This study has limitations. There are inherent limitations to using administrative data for studying epilepsy due to limits of reliability in coding and documentation. There is a lack of nuance in coding for epilepsy in ICD-9 and ICD-10 data. Clinical granularity is not discernable. Decision-making and treatment rationale are not known. Unobserved factors cannot be adjusted for in the analysis. The PHIS program has procedures to uphold data fidelity with quarterly verifications and data quality management which mitigates concerns about administrative data sources. The limitations in coding are fixed. In this study, we used previously published algorithms for identification of refractory epilepsy, since these algorithms were verified by other author groups and had also undergone peer review. We recognize that the underlying mechanisms and etiologies for refractory drug-resistant epilepsy are heterogeneous and multifactorial in this cohort. We also note that there are many treatment strategies in the armamentarium for pediatric epilepsy, including medications, ketogenic diet, and surgeries including resections, disconnections, and neurostimulation among others. This study design only represents continued medication therapy and addition of VNS, which are common strategies that are available at most centers across the country. Nevertheless, a national look at pediatric epilepsy is an important endeavor, especially given the high disease burden and the high resource utilization, as well as the sustained impact on patients, families, communities, and the healthcare system. There are baseline differences demonstrated between the 2 cohorts: the Difference-in-Difference methodology controls for these differences in our analyses, as a statistical technique in quantitative research intended to mitigate the effects of extraneous factors and selection bias. While some studies apply both DID and propensity score matching [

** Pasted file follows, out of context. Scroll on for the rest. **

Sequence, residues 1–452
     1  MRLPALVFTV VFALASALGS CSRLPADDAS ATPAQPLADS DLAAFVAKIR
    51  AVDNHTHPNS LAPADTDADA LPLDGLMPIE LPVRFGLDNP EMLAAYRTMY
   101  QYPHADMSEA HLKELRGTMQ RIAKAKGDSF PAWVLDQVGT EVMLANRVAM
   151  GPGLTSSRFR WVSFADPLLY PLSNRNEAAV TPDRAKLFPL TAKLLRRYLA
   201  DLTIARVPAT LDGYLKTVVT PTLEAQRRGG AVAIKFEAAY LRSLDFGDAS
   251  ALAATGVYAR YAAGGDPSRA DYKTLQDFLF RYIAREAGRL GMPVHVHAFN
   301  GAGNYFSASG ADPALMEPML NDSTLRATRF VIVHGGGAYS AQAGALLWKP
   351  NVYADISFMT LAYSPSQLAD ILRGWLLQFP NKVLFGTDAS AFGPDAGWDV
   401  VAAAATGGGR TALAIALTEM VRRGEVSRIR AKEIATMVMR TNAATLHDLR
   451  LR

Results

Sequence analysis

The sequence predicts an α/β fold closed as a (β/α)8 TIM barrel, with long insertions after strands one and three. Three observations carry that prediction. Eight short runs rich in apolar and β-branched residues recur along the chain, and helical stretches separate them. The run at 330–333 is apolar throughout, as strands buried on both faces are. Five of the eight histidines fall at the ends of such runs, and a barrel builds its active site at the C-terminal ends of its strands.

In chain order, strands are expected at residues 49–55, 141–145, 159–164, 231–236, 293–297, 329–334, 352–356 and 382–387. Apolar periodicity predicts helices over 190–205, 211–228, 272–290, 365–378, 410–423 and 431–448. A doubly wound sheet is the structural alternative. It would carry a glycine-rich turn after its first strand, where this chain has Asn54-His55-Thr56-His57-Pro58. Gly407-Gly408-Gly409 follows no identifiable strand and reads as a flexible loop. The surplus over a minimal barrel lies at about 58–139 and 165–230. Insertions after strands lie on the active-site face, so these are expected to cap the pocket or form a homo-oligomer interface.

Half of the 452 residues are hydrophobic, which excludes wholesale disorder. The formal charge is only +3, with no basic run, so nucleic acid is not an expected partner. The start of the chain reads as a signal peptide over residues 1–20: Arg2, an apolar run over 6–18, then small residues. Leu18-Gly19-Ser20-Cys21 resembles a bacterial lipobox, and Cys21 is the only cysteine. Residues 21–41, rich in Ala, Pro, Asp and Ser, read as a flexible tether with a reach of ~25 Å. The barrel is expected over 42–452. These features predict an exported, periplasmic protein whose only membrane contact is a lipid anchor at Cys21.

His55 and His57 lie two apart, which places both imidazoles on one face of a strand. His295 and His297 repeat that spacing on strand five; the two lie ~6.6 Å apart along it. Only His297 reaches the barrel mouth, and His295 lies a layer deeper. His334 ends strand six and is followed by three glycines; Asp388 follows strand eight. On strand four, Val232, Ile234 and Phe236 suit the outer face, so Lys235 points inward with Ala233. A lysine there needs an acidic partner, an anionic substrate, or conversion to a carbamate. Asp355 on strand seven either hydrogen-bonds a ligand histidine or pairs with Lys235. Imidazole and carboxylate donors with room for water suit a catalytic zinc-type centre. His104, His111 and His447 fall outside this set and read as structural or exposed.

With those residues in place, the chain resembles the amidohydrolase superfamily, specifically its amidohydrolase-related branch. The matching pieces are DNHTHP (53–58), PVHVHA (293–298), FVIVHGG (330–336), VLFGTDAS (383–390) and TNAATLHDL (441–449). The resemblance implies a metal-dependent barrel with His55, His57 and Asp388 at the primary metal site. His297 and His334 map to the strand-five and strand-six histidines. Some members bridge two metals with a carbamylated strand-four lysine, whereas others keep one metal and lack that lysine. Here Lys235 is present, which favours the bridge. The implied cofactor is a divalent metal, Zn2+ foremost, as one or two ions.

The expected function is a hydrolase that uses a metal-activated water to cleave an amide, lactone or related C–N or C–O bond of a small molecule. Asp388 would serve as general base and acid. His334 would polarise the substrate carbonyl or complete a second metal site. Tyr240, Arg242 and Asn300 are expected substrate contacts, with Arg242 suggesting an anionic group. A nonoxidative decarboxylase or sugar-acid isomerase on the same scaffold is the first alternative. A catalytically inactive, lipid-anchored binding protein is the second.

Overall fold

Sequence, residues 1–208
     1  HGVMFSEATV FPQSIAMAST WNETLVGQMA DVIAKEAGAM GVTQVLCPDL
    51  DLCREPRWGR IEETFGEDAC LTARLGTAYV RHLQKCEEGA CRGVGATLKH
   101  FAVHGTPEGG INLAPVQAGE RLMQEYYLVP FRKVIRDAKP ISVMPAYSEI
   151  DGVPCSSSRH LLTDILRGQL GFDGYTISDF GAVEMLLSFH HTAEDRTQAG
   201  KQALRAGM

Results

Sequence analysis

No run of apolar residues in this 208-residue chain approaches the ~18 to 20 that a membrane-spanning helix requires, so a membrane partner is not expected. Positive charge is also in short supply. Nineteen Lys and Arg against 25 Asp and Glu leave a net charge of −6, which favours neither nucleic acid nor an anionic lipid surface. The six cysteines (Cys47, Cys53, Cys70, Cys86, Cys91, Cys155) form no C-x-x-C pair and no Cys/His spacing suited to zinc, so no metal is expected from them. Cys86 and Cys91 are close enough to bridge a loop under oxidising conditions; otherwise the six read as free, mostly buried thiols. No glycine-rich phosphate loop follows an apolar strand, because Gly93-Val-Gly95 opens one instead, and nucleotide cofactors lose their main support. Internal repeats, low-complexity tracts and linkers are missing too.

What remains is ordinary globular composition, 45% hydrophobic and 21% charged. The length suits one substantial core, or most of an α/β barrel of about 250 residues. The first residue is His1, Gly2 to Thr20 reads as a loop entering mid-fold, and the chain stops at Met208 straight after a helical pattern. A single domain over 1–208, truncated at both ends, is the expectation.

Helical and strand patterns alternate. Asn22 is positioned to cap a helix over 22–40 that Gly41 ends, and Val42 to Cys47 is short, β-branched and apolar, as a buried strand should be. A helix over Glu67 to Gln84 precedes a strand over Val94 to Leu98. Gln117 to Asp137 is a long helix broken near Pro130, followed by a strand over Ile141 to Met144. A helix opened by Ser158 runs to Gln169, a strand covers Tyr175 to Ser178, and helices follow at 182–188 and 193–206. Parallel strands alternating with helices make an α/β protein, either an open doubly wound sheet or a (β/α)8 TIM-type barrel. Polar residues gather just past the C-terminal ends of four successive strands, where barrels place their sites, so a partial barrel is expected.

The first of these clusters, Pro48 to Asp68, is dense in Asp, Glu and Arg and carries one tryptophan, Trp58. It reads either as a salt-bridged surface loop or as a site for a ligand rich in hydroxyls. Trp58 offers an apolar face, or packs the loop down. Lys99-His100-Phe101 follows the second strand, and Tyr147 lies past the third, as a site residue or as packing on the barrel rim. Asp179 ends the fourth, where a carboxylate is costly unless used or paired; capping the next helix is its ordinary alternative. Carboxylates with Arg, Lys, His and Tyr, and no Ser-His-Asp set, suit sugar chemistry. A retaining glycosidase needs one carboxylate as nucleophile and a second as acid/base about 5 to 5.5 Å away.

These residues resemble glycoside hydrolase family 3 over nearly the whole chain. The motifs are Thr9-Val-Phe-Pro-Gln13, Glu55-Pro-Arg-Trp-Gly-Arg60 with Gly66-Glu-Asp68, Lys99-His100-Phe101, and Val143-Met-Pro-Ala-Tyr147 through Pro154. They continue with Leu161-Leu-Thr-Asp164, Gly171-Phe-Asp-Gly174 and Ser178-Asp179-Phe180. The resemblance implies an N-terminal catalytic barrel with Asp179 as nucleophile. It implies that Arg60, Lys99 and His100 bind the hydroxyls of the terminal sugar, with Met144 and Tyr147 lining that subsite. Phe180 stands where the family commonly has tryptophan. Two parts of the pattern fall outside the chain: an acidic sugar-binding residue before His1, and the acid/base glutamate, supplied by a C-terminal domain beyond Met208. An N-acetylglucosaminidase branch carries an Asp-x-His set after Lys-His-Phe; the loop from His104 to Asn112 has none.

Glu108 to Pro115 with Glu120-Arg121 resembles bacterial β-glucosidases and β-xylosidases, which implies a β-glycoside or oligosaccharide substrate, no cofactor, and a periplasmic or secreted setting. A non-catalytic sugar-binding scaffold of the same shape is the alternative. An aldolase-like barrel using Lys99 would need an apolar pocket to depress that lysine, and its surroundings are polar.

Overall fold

• Gebel M.
      • Voßemer J.
      The impact of employment transitions on health in Germany. A difference-in-differences propensity score matching approach.
      ,
      • Xin B.
      • Qu Y.
      Effects of smart city policies on green total factor productivity: evidence from a quasi-natural experiment in China.
      ], other studies apply one [
      • Hyun K.-R.
      • Kang S.
      • Lee S.
      Does long-term care insurance affect the length of stay in hospitals for the elderly in Korea?: A difference-in-difference method.
      ,
      • Lee C.-C.
      • Liang C.-M.
      • Chen C.-Y.
      The impact of urban renewal on neighborhood housing prices in Taipei: an application of the difference-in-difference method.
      ], as we did in using the DID here. While the current study cannot substitute for clinical studies, it can already provide a larger sample size and provide data to motivate future clinical study designs or contribute to data to build the basis for future clinical trials.

      5. Conclusions

      We conducted an analysis of the PHIS database estimating the healthcare resource utilization of pediatric patients with refractory epilepsy treated with AEDs plus VNS and AEDs only. We demonstrated that VNS reduces the number of inpatient visits compared with AEDs. Given the efficacy of VNS is reported in the literature to be at least comparable to that of AEDs, our study suggests expanding VNS therapy for more favorable decreases in healthcare utilization.

      Funding

      Funding information: The senior author (SL) has received an investigator initiated study award from LivaNova to study patterns of care in pediatric epilepsy using independent national datasets.

      Conflict of interest

      Joyce Y Wu reports grant support from Greenwich Biosciences, and has served on advisory boards and speaker bureaus for Greenwich Biosciences and Novartis.
      Sandi K Lam reports an investigator initiated study award from LivaNova to study patterns of care in pediatric epilepsy using independent national datasets, and has served on advisory boards of Aesculap, LivaNova, and Encoded Therapeutics.

      Appendix A. Supplementary data

      The following are the Supplementary data to this article: